Tuesday, August 04, 2009

Musings on ... consumption and family roots

I (only half ironically) tweeted the other day about whether I had a cold or consumption (btw, it's definitely the former - the sneezes and coughs have firmly settled in today).

Up until just recently, I wasn't really sure what consumption is. I thought it was TB (tuberculosis). (I was right.) This is a little sad given how many years I've worked in healthcare, but it's a very old fashioned word that you just don't often see, except in the pages of historical or classic novels.

Consumptiontook on a whole new meaning this last year during my continued search for my family's roots. We've done great work with some of our family lines, but keep getting stumped on my last name's line. If you know my last name, you might say, "Well, obviously, you're of French descent." BUT ... my last name in America is most commonly of Irish descent. My brother and I battled about this for years - I wanted to be Irish, he liked being French. Turns out we're both (with a lot of other things), and I was wrong.

My earliest identified ancestor, Peter, was a ropemaker in the Southwark district of Philadelphia in the late 1700's/early 1800's. He may have been born in Louisiana, according to a son from his second marriage. My dad and I have surmised that his parents may very well have come from Canada to New Orleans or to the Louisiana Territory, or directly to New Orleans from France. I'm stumped about how to further research this, given lack of records and complex history. "New France target="_blank"" was HUGE (see below), encompassing much of the continent.


















His son from his first marriage is Joseph, my ancestor, also a ropemaker, living in the same area. Up until the early 1800's, this looked like a normal early American family, living and working together, growing up in one of the infant country's prominent cities, but things went downhill for my family fast.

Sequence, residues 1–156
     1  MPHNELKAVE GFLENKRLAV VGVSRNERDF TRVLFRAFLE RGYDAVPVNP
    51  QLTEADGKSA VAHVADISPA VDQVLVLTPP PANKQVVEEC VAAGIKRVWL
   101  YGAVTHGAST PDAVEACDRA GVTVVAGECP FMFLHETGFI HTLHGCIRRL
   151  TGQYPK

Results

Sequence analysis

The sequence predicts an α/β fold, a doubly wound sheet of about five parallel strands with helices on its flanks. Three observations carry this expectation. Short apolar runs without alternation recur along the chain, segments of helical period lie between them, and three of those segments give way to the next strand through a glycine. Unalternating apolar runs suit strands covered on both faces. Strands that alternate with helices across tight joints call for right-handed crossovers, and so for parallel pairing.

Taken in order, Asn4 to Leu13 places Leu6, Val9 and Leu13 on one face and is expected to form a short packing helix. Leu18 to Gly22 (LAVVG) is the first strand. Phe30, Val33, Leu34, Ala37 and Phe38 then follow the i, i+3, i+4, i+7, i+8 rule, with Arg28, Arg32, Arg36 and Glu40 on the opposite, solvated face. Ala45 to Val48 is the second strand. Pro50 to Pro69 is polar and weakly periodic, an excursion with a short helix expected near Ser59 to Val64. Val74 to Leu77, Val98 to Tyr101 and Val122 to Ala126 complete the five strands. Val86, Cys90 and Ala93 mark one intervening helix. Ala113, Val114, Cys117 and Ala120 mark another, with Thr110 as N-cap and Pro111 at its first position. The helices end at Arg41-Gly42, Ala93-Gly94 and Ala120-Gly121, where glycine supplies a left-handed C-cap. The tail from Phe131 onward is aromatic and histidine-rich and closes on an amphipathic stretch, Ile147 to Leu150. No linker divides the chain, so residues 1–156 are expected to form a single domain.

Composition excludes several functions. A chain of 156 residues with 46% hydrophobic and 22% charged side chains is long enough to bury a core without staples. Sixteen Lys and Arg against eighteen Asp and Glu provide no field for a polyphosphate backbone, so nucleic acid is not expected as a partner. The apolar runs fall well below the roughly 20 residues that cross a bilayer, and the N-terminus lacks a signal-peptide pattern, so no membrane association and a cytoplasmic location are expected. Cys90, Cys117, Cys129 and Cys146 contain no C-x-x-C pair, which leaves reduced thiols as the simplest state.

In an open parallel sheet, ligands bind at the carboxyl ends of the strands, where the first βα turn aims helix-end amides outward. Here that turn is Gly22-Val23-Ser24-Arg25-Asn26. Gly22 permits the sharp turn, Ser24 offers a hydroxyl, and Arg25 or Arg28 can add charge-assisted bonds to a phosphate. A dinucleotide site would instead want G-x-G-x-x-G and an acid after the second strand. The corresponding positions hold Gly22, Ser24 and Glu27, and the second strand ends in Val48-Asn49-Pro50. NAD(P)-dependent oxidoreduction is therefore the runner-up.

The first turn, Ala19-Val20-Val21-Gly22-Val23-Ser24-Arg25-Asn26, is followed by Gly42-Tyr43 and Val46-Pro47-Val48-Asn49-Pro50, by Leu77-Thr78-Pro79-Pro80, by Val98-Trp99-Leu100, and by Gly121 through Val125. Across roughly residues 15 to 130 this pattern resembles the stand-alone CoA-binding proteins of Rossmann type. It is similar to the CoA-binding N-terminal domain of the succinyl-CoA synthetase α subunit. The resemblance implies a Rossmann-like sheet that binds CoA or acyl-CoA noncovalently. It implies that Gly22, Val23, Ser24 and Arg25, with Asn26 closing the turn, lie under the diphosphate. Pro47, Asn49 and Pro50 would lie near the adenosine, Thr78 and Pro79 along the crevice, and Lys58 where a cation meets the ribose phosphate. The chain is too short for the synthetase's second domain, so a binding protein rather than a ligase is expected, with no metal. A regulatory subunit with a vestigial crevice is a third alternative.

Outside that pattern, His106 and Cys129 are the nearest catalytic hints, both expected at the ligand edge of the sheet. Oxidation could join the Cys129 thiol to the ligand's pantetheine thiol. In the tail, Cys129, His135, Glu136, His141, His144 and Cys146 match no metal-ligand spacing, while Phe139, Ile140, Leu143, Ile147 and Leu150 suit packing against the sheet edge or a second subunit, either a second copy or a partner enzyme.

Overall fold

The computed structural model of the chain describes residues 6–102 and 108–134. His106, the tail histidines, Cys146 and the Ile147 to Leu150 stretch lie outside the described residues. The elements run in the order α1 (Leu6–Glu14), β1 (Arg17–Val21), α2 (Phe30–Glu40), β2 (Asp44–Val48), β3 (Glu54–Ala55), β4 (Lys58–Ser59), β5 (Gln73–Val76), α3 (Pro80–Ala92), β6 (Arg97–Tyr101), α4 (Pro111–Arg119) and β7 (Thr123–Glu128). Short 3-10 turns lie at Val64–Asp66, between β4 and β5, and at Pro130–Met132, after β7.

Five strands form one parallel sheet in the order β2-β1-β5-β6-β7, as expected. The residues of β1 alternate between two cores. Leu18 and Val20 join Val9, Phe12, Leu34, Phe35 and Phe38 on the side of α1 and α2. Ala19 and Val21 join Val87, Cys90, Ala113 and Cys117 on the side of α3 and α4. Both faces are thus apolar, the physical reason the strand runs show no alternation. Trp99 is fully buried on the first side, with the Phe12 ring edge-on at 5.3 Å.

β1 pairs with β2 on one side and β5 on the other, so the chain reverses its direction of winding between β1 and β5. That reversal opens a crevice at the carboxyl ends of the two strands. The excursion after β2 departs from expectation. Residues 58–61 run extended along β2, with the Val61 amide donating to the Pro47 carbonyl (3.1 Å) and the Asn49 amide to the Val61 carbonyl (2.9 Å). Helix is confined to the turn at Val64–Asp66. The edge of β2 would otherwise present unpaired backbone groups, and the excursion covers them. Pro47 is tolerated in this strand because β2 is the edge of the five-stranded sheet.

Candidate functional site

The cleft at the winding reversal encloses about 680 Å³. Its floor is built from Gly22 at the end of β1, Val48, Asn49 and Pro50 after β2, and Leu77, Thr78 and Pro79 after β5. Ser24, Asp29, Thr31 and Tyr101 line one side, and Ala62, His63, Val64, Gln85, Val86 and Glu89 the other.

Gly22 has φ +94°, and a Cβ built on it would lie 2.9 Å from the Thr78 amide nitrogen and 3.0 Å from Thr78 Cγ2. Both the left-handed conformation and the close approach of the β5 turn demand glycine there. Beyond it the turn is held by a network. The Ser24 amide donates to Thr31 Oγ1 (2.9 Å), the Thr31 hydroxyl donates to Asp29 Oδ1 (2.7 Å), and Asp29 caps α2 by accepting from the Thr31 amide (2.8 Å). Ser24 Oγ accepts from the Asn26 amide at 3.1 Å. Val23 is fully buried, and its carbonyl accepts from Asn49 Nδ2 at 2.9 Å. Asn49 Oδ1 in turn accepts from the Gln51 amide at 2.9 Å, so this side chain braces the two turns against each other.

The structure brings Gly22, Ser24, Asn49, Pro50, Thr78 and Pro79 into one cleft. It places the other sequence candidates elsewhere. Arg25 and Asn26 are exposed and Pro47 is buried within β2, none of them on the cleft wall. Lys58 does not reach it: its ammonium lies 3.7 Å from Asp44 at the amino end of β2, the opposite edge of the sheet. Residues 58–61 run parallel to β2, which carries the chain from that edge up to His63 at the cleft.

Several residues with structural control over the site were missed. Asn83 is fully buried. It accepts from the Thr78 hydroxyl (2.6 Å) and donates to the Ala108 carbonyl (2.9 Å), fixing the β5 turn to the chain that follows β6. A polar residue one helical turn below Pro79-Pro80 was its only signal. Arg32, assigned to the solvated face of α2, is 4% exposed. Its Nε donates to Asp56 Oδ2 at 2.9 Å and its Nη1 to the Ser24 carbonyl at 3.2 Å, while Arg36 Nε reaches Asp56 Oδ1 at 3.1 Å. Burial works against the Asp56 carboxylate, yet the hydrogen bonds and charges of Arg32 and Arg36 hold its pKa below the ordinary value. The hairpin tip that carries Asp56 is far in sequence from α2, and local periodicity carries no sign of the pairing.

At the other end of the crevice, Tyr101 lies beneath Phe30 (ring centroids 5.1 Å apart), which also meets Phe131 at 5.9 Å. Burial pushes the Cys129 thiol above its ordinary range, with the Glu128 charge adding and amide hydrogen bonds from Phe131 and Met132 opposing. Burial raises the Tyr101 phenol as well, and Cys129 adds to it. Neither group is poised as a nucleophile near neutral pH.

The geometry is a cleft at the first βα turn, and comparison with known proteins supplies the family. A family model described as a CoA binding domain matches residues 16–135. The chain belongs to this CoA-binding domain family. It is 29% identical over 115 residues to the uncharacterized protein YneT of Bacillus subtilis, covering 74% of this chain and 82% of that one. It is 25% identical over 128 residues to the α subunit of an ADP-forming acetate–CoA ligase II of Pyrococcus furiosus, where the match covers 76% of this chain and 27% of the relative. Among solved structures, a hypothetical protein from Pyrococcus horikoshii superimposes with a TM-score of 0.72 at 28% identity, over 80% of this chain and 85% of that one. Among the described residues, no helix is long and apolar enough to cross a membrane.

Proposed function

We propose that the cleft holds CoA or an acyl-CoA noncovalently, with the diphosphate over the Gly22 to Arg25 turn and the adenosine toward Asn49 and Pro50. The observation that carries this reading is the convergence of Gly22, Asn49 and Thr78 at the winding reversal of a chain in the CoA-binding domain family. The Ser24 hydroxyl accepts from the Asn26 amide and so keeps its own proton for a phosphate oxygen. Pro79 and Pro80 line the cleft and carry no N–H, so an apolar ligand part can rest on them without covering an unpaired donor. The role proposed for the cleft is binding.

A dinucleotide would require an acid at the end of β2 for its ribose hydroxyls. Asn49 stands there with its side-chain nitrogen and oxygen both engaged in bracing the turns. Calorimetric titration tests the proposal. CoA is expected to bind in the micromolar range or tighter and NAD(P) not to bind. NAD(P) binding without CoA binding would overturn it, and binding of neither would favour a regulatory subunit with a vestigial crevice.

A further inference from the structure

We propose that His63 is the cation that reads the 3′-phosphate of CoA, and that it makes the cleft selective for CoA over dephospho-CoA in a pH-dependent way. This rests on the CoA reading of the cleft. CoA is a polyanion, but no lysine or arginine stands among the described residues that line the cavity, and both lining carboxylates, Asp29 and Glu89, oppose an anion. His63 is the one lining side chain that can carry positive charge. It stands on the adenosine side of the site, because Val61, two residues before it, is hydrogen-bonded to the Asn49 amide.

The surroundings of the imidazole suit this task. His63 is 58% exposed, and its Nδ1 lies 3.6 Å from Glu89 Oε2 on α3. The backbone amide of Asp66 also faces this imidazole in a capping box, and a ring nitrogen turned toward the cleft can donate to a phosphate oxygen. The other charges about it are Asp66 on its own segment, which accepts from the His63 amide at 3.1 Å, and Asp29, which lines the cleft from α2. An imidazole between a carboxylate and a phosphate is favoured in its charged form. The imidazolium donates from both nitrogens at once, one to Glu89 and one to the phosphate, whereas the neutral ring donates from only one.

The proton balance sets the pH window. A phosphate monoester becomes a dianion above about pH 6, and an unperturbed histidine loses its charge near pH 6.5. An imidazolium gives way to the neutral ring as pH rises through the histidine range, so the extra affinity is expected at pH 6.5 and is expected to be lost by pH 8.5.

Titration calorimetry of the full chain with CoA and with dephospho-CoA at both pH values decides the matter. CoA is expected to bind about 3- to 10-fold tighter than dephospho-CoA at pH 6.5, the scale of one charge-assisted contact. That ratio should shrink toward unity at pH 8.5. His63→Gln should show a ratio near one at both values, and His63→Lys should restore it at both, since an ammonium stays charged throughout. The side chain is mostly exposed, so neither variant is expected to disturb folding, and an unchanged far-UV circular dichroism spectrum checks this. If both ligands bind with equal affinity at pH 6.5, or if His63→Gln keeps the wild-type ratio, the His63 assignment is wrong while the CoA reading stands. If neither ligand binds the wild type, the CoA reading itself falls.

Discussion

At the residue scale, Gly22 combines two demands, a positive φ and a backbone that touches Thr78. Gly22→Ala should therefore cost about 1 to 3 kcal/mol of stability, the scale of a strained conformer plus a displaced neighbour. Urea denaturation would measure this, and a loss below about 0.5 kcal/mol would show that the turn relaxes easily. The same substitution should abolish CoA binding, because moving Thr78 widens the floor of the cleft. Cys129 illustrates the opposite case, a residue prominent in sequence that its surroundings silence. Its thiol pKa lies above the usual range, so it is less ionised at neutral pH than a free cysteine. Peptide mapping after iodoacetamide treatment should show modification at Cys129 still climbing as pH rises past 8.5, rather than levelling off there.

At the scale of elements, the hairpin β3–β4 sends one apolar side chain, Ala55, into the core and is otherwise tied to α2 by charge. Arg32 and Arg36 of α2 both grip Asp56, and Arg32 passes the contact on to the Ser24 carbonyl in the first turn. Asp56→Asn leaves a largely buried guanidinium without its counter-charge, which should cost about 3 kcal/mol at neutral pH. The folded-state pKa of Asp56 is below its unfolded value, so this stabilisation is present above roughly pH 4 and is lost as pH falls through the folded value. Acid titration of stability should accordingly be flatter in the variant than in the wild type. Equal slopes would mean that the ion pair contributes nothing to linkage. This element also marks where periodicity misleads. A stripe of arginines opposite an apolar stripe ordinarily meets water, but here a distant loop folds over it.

Joseph died of lockjaw (Amazing! Tetanus shots are truly important!) just seven years later, leaving his pregnant wife widowed with a whole passel of children, including my ancestor William, all of 12 or 13 years old. All sorts of horrible things plagued my family from that point on, including the near decimation of my family line thanks to consumption. Consumption! So far, it appears that only three of nine children who lived beyond infancy, lived beyond 1852. Between 1845-1852, nearly every one of my family living in Philadelphia (including spouses and children) died from consumption.

I just find this so tragic. When I found that one of Joseph's grandchildren died at age 10 in a school for orphans, his parents having died when he was just 4 or 5, I was heartbroken and wept.

I'm also eager to learn more - there's such a story here (including a ne'er-do-well who took liberties with the children's inheritances). One of my life's desires is to spend time in Philadelphia in research and publish my family's tragic tale, which has a happy ending, because there were survivors! I'm proof positive as I type this today.

Amazing how far we've come as a country, for the most part. Leprosy (related to TB, ironically), consumption, and other "old fashioned" and deadly diseases seem things of the long past. Unfortunately, with globalization and antibiotic resistance, many diseases thought eradicated are making a comeback.

Family history is so fascinating. With every generation you're able to identify, it's both humbling and awe-inspiring to consider what a miracle it is that YOU are a survivor of generations and generations of survivors of flooding, plague, war, disease, falling down the steps, etc. I am feeling mighty lucky to be suffering through my miserable cold today. After all, as one of my friends pointed out on Twitter yesterday, plague is making a comeback.

2 comments:

RedBessBonney said...

wow - quite a family history! someday I want to research my family...

feel better soon!

. Phydeaux . Phydelle . said...

It's so much fun - and VERY addictive!

Thanks - I'm looking forward to feeling better one day soon ...